Monday, March 30, 2015

The Keynesian part of Abenomics is the part that works

Both Noah Smith and Scott Sumner have drank the Kool-Aid on Abenomics, both crediting the monetary component -- you know, the quantitative easing that doesn't do anything to the price level. Here's Sumner:

Abenomics has raised the price level in Japan, reversing a secular decline.

Actually, it looks like a pretty strong claim if you look at the data in a model-independent way:

Right when Abe takes over (vertical line), there is a big reversal in the direction of inflation. But that's a model independent take. Like this (rather hilarious) model independent take on global warming. What happens if we apply some knowledge of how economies actually work?

I looked at the required path of NGDP in the information transfer model to reproduce a continued fall in CPI from 2013 onward

In order to produce continued deflation, if NGDP was the only effect, NGDP would have had to continue on its downward trajectory. Now lets look at the difference between this counterfactual and actual NGDP and compare it to government expenditures in Japan:

Actually the reverse seems to have begun in 2008. The financial crisis gave the Japanese government a reason to expand spending -- it had been flat since 2002.

A Keynesian increase in government spending could explain the entire effect -- no need for market expectations, monetary policy or even Abe taking office (he did vow to continue the increase in government spending, so fiscal Abenomics, aka Keynesian economics, works continued to work).

Update 3/31/2015

Commenter LAL asked (below) if counterfactual deflation was smaller, would it lead to similar results. It does -- there is a slight difference in that the same increase in spending leads to a smaller increase in NGDP:

The difference is visible at the end after the vertical line (that is where the less deflation counterfactual differs from the more deflation counterfactual in the post above).

The four percent solution

I wrote a post that seems to have fallen by the wayside back about two months ago about what the US would have looked like had it focused like a laser on an inflation target of 2% starting in 1960. Anyway, I was reminded of it when I read Tony Yates on inflation targets over lunch today.

In that post, Yates mentioned India's prospective inflation target:
[Cecchetti and Schoenholz] make an interesting point about the fact that the Reserve Bank of India has just chosen to target 4% [inflation].
So naturally I asked -- what would the US have looked like had it been capable of focusing like a laser on 4% inflation. The results are below. The thing to keep in mind is that this isn't how an economy would behave under a sustained 4% inflation target for 50 years -- it is how an economy would have had to look in order to produce sustained 4% inflation for 50 years. The simplest way to understand this distinction is to realize a sustained 4% inflation target would have actually been impossible -- the required hyper-exponential increase in RGDP (shown in the graph) is a reductio ad absurdum. Here are the graphs -- the required path is in blue and the actual path is in red (or green):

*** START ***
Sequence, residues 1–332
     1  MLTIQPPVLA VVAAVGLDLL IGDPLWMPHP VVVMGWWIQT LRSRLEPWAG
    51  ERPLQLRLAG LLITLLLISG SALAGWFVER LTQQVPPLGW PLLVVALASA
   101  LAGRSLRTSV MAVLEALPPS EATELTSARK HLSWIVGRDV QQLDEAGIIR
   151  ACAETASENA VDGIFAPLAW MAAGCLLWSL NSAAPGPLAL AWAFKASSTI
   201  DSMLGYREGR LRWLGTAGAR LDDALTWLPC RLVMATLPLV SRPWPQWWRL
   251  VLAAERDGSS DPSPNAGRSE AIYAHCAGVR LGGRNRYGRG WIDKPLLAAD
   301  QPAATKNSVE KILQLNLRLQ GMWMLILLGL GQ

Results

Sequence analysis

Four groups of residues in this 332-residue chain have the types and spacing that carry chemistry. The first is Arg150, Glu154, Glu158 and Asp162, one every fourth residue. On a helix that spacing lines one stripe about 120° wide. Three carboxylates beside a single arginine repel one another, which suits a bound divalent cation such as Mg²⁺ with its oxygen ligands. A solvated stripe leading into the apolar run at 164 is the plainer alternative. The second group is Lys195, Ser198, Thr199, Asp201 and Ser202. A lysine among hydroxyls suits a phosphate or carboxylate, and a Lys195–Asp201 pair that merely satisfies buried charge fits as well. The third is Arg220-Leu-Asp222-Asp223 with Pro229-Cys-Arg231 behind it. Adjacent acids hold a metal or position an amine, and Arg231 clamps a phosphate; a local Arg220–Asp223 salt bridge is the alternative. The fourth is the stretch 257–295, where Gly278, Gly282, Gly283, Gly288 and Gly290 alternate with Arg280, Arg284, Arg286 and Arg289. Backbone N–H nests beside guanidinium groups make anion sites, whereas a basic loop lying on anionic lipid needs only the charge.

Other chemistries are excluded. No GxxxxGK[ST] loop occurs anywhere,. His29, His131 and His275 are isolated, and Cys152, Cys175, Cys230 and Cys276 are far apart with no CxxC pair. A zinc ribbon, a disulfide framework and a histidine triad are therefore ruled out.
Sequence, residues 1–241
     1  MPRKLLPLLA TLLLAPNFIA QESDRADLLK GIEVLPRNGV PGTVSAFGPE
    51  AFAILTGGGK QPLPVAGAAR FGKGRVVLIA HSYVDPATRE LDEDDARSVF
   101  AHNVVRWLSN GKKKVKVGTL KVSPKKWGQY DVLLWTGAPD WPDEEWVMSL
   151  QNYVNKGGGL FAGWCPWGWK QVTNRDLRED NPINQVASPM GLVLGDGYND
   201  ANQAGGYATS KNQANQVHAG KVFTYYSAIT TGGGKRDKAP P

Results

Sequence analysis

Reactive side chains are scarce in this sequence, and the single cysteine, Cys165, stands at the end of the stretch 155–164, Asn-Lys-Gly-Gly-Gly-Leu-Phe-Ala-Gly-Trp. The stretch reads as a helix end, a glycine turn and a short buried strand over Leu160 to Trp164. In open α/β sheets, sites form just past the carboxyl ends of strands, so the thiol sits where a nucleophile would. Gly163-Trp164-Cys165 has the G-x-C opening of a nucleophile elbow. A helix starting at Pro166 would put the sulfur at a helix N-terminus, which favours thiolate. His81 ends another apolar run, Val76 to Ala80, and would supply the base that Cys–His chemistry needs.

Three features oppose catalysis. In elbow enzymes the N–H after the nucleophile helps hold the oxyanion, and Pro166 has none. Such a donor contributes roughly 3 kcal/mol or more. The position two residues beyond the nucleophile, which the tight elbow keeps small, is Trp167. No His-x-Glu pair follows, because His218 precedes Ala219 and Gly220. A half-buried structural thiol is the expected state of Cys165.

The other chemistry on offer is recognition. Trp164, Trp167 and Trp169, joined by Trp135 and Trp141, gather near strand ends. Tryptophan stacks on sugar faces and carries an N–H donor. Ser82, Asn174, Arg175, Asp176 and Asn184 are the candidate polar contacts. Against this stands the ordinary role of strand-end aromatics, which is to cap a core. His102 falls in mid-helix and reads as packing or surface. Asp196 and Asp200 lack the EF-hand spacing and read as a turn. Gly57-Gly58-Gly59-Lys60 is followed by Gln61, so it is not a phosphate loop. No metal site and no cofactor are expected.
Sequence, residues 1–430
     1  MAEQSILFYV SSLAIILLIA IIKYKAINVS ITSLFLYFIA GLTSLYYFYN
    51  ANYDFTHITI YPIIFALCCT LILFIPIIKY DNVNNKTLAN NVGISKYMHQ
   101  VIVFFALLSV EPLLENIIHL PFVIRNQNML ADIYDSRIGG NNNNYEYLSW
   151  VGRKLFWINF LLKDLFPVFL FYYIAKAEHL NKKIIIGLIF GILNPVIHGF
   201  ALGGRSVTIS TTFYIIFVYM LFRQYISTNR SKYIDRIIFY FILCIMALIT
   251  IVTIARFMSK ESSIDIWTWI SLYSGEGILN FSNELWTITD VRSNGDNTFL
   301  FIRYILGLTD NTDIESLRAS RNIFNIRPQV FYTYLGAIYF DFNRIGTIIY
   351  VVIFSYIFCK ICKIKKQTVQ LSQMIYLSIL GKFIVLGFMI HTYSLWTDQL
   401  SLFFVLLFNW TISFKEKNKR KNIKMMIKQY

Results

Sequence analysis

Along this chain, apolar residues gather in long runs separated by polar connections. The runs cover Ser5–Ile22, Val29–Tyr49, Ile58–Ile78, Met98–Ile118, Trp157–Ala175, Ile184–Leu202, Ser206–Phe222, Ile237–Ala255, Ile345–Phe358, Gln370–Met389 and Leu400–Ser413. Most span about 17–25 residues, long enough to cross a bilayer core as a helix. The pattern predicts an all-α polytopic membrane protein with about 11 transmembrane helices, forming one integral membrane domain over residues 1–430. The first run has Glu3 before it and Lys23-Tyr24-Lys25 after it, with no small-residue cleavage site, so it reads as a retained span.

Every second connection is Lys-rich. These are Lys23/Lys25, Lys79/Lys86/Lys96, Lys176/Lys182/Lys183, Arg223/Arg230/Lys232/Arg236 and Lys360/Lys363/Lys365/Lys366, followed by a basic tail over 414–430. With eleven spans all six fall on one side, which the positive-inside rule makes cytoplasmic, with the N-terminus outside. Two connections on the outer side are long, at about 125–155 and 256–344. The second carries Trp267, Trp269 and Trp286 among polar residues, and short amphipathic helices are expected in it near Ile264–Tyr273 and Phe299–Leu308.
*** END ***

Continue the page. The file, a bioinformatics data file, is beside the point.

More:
What is funny is that the quantitative easing sort of looks like the required hyper-exponential growth -- I include it as a curiosity as reserves have little to no impact on inflation. [Update: added link.]

Sunday, March 29, 2015

Non-ideal information transfer, tail risks and news shocks

I'm still looking at how shocks behave in the ideal information transfer model, but I'd like to discuss non-ideal information transfer for a minute.

The information transfer model of supply $S$ and demand $D$ essentially has the 'invisible hand' operating as an entropic force -- I have some animations here (and here is the underlying model). In the ideal case we have the price $P$ of a good given by:

P = \frac{dD}{dS} = k \; \frac{D}{S}

where $k$ is a constant. In general we have:

\text{(1) }\; P = \frac{dD}{dS} \leq k \; \frac{D}{S}

and we call this case non-ideal information transfer. What does this look like? Well here is a demand shock, sending the price lower:

The ideal price is black and an example non-ideal price satisfying equation (1) is in gray ... it falls below the ideal price. The information transfer model doesn't tell us what that non-ideal price is -- it is the result of any number of effects: expectations of agents, confidence, 'frictions', network effects, asymmetric information, etc. As a physics analogy, one of the sources of non-ideal behavior are interactions between molecules like attractive forces.

The loss in ideal NGDP (total supply × ideal price) is proportional to the loss in entropy [1] as can be seen in the next pair of graphs:

When the fall in the number of points occurs on one side (the fall in demand), there are temporarily unequal numbers of points on each side representing a coordinated state with lower entropy (an uncoordinated state would have equal numbers of points on each side, the highest entropy state [2]). This is the sense in which I mean coordination causes recessions (and is equivalent to entropy loss). Once the coordination is over -- in the model, points aren't being taken away from the demand side -- the situation returns to an uncoordinated state with equal numbers on each side. That is the maximum entropy state (although at lower absolute entropy since there are fewer points).

The fall in the non-ideal price leads to a larger fall in NGDP than the ideal price -- so there could be a component of a recession, for example, that is due to other factors beyond the operation of an ideal market. So in general we can say that: